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Date Posted: 11/29/2004

Software defangs COBRA ahead of compliance deadline

As compliance deadline looms for DOL rules, COBRA software removes administrative sting

By Bruce Shutan

It took nearly 20 years for two sets of government-issued rules to clear up many ambiguities about how to best administer the Consolidated Omnibus Budget Reconciliation Act of 1985, known as COBRA.

But while the grip on employee benefit managers has loosened in the wake of regulatory relief from the U.S. Department of Labor (DOL), the complex benefits law largely retains its venomous sting.

On November 26 or the next anniversary date of their health plan (January 1, 2005 for calendar-year operations), employers are expected to begin complying with a DOL directive that was issued in May. The regs clarify for plan administrators what they must do and when it must be done.

Beware of silver bullet

Still, COBRA administration isn't expected to get much easier because the challenge of how to administer the law is no less daunting, cautions Scott Haines, President of OnQue Technologies, Inc., the maker of an innovative and affordable software package that streamlines COBRA administration.
He says the trouble with COBRA is that it is not only inherently complex but also "a poorly written piece of legislation that left many important issues either unanswered or so ambiguously presented that the courts have had a heavy hand in interpreting the law."
Until the Internal Revenue Service (IRS) published its proposed regulations in 1999, which were not finalized until 2001, Haines notes that clarification of the law came more from the nation's judiciary than from the regulatory agencies. Much of the case law involving COBRA since 1985 is now incorporated into both the IRS and DOL regulations.
Highlights of the new DOL rules include new minimum notification and language requirements; changes to the way disability extensions are handled; clarification of time periods and to whom notifications must be sent; and new options for employers to protect themselves by including specific language in their COBRA notifications.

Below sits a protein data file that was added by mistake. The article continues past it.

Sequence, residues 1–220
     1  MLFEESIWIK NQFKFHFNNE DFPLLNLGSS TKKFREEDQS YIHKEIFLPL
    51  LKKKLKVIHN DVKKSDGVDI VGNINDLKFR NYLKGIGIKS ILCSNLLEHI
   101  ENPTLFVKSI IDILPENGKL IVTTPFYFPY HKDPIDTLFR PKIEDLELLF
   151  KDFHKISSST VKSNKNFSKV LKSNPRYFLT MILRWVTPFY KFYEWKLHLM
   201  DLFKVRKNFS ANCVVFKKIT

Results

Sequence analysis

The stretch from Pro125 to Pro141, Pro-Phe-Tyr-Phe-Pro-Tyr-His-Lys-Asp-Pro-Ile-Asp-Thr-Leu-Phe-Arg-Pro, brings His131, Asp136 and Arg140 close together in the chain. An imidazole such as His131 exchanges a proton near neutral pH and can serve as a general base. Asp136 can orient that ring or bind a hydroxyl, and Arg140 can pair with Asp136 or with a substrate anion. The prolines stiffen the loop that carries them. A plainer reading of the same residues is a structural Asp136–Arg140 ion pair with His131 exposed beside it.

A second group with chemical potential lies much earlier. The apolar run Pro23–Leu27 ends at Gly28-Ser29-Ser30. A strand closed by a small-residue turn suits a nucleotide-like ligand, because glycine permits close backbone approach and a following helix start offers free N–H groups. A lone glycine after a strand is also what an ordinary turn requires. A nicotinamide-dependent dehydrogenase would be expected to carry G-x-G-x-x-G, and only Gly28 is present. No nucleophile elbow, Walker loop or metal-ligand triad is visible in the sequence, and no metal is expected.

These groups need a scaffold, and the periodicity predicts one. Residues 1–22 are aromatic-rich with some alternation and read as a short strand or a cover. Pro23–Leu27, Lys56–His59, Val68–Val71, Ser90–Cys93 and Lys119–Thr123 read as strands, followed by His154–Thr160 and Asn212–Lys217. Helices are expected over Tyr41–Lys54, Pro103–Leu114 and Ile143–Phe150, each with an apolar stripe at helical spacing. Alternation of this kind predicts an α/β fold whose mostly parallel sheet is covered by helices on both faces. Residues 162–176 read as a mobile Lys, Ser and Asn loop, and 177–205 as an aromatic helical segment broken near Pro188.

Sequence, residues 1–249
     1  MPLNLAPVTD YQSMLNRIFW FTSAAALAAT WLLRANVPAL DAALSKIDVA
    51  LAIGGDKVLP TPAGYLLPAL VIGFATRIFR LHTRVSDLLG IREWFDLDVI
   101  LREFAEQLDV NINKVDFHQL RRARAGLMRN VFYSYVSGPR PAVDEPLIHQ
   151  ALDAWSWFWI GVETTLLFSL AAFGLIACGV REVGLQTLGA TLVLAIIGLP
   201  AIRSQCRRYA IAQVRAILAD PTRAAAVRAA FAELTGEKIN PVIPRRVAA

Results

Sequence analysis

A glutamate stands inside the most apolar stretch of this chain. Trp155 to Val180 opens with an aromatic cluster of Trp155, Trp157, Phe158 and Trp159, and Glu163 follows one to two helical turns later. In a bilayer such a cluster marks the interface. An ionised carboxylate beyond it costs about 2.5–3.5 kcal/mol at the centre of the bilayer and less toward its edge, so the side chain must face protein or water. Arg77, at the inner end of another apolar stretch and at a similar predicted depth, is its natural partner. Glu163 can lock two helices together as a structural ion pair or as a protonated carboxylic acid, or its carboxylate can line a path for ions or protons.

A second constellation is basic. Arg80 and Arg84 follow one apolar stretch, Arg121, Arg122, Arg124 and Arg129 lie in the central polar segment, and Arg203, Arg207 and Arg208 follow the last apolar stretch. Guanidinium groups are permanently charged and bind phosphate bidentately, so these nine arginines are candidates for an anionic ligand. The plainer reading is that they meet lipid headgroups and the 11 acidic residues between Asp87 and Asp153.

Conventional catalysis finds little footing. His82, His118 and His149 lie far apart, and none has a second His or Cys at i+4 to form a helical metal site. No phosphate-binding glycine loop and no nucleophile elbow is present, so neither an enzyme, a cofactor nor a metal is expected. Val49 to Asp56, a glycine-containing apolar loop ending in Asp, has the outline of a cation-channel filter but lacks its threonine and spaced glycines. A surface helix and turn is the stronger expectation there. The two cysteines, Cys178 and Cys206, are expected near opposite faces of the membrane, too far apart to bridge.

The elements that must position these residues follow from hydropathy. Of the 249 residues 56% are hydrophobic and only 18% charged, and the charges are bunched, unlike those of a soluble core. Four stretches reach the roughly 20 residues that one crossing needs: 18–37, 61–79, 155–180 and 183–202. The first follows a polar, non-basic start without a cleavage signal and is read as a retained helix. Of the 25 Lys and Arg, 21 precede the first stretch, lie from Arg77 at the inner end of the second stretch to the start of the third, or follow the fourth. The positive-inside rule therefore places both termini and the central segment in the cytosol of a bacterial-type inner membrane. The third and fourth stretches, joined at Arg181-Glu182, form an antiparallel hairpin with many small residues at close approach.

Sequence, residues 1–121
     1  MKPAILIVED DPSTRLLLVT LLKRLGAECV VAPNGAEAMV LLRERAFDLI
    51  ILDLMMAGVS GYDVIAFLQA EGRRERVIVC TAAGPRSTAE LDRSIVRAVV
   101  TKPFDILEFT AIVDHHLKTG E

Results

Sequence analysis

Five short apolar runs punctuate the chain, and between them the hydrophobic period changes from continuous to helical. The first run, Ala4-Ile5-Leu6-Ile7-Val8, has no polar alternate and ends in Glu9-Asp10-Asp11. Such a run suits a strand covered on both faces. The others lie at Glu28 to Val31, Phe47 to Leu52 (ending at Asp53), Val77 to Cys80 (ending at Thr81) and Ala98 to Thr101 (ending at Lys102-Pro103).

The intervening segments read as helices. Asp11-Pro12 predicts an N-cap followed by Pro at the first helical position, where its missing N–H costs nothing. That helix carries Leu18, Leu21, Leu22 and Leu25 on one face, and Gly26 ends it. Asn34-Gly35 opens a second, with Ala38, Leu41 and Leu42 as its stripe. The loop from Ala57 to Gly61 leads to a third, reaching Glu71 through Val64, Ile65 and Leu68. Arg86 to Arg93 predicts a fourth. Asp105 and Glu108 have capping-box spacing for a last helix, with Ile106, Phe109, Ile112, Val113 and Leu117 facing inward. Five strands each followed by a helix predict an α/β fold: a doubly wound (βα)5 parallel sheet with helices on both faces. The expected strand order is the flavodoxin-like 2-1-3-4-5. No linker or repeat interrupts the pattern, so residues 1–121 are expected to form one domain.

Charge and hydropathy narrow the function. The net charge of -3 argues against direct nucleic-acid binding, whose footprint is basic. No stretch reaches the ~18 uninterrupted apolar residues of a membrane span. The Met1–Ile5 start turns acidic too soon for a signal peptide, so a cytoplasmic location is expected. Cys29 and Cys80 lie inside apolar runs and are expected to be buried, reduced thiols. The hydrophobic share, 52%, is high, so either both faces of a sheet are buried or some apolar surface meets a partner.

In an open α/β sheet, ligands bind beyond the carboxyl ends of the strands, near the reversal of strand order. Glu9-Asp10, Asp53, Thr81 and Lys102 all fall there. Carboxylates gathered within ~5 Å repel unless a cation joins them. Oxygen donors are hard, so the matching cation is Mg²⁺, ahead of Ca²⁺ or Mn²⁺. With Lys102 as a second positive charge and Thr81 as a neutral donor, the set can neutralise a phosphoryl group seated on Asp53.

Easier to administer

The alphabet soup of complex employee benefit law has burned through considerable time and money in countless HR and benefit departments that are expected to know and apply any number of federal rules as an integral part of plan administration.
COBRA in particular is "riddled with critical time periods to obey and convoluted calculations that must be made to stay compliant," observes OnQue Technologies CEO Bud Martin. "These challenges can result in clerical errors that are very easy to make, yet can have devastating consequences. To make matters worse, the law has been amended 11 times – making it critical to keep up with new administration methods and proper notification language."

The good news is that there's relief for long-suffering COBRA administrators, regardless of their command over the finer points of this landmark legislation. Since its 2001 release, more than 4,600 units of COBRA OnQue have been shipped to employers of all sizes throughout the U.S.
What attracts HR administrators to this unique software package is its built-in COBRA expertise. Alberta J. Priest, president of AMP Consultants in Albuquerque, N.M., says "COBRA OnQue is without a doubt the easiest COBRA administration software I have ever used. There is a logical sequence to the program and anyone familiar with Windows Explorer will recognize the file system. In addition, the extensive information section is accurate, up to date and complete."

Martin believes software is the ideal tool for administering COBRA quickly and accurately. But he's also quick to interject that competing COBRA packages are primarily legacy recordkeeping systems that require a keen understanding of the law's administrative requirements for them to be useful.
COBRA OnQue, however, incorporates a formidable and affordable level of expertise as well as ease of use for a speedy solution that the company says is unmatched in the marketplace. The system also is more efficient and less expensive than outsourcing (which many HR administrators mistakenly deem less time consuming), keeping total control of the process in the hands of the employer where Martin says it belongs.
"By incorporating COBRA's rules into the software and asking the pertinent questions in language that is understandable to HR personnel," he explains. "COBRA OnQue enables even the novice to feel comfortable in the administrative role and provides the employer with consistent results."

Instant ROI

For the few hundred dollars the product costs each year, Martin notes the return on investment is "quickly recouped through increased administrative efficiency," especially when viewed in the larger context of avoiding costly IRS excise taxes, statutory penalties and civil litigation filed by employees whose rights to health insurance coverage have been violated.
Now that official guidance is available from the IRS and DOL, he expects both regulatory agencies will take a much tougher stand enforcing the law. And with a compliance deadline just around the corner, now is the time to heed his clarion call.

Bruce Shutan, former managing editor of Employee Benefit News, is a freelance writer based in Los Angeles.

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